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Theatre in Review: Ironbound (Women's Project/Rattlestick Playwrights Theater)

Marin Ireland, Morgan Spector. Photo: Sandra Coudert

Marin Ireland is the iron woman at the center of Ironbound: As Darja, a Polish immigrant who spends most of her life in America at or below the poverty line, she displays a flinty independence and wicked wit that are scarily formidable. Our society tends to marginalize people of her class, but Darja will not be dismissed or denied. Summing up her relationship with her current lover, she says, "I weighed you on scale and said mmm okay," rendering that "mmm" as the most devastating of cold-eyed judgments. She has reason for her disaffection, as Tommy, the man in question, has been serially unfaithful. Trying to get an exact number of liaisons out of him, she reaches fourteen, and renders her verdict: "Fourteen times is not mistake. Fourteen times is career." When he tries to get her to come back to him, she agrees -- for $3,000. It's typical of Darja that she provides an itemized list of how exactly she intends to spend the money.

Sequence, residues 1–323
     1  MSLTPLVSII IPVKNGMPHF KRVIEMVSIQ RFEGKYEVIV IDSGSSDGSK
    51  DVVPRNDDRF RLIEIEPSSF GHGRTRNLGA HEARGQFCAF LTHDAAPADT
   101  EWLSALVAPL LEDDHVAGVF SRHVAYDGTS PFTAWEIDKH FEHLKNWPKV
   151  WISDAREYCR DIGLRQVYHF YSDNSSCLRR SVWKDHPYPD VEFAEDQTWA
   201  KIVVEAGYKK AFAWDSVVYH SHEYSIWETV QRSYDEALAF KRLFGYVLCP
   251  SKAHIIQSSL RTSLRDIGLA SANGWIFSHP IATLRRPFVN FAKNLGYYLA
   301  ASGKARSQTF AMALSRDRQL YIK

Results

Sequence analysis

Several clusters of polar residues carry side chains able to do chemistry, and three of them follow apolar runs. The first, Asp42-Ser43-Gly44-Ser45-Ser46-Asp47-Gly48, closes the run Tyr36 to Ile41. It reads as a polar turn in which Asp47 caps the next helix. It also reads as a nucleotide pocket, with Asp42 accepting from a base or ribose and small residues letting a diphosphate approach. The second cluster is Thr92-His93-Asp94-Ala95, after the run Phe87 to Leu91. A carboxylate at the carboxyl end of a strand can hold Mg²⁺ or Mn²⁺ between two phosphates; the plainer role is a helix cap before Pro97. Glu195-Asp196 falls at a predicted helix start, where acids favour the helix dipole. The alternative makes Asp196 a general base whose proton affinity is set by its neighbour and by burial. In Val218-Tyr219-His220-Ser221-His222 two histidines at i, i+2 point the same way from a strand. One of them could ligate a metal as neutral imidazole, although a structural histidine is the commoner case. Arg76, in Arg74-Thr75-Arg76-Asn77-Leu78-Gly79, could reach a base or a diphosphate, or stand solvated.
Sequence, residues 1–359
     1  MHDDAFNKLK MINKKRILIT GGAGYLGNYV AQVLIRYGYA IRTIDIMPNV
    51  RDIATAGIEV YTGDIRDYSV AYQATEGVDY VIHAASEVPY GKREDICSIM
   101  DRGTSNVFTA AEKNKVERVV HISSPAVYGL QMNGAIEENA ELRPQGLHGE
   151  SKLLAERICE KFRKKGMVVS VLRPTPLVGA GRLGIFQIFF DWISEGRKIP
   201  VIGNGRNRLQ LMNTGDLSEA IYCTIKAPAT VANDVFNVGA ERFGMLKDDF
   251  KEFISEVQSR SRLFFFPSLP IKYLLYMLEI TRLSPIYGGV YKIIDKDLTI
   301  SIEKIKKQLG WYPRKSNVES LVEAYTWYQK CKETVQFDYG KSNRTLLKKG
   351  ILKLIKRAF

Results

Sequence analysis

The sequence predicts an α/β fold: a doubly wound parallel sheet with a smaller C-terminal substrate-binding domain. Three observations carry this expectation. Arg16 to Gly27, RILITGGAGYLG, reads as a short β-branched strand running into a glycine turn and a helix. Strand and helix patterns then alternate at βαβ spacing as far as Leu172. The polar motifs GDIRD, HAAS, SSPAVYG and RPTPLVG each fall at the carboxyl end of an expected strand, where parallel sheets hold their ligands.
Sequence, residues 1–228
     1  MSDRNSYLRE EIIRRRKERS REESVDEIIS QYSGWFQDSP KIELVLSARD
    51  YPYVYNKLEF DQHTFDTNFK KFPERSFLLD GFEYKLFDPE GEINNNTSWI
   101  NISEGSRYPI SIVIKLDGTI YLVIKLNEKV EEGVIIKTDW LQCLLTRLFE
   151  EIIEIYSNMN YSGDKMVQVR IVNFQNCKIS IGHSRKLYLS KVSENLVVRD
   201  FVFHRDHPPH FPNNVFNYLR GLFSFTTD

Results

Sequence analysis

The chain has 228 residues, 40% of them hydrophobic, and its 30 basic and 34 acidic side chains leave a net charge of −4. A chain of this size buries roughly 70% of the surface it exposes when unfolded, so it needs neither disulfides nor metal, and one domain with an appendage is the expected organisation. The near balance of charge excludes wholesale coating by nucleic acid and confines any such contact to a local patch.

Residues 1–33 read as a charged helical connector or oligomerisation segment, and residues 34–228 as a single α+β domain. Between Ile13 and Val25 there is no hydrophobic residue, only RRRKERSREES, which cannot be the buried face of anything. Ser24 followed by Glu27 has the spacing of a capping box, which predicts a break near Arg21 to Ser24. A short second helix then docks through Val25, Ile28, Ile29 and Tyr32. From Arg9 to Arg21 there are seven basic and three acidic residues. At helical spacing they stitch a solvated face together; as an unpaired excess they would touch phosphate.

Such calculations are the result of a life spent struggling to thrive in the stoniest ground. The play's title refers to the section of Newark, New Jersey, that once was an industrial powerhouse and is now mostly an economic graveyard. Once a place of opportunity for Darja, it is now challenging territory to scratch out a living. Seemingly everything has run out on Darja -- two husbands, Tommy (with whom she has lived for six years), her troubled son, her career as a factory worker. The clock is running on her second job, cleaning houses, as well: One of her clients, Linda (a married woman who, incidentally, is sleeping with Tommy), has fired her and trashed her to all her clients. This doesn't faze Darja, who sneaks into Linda's house and burns her clothes.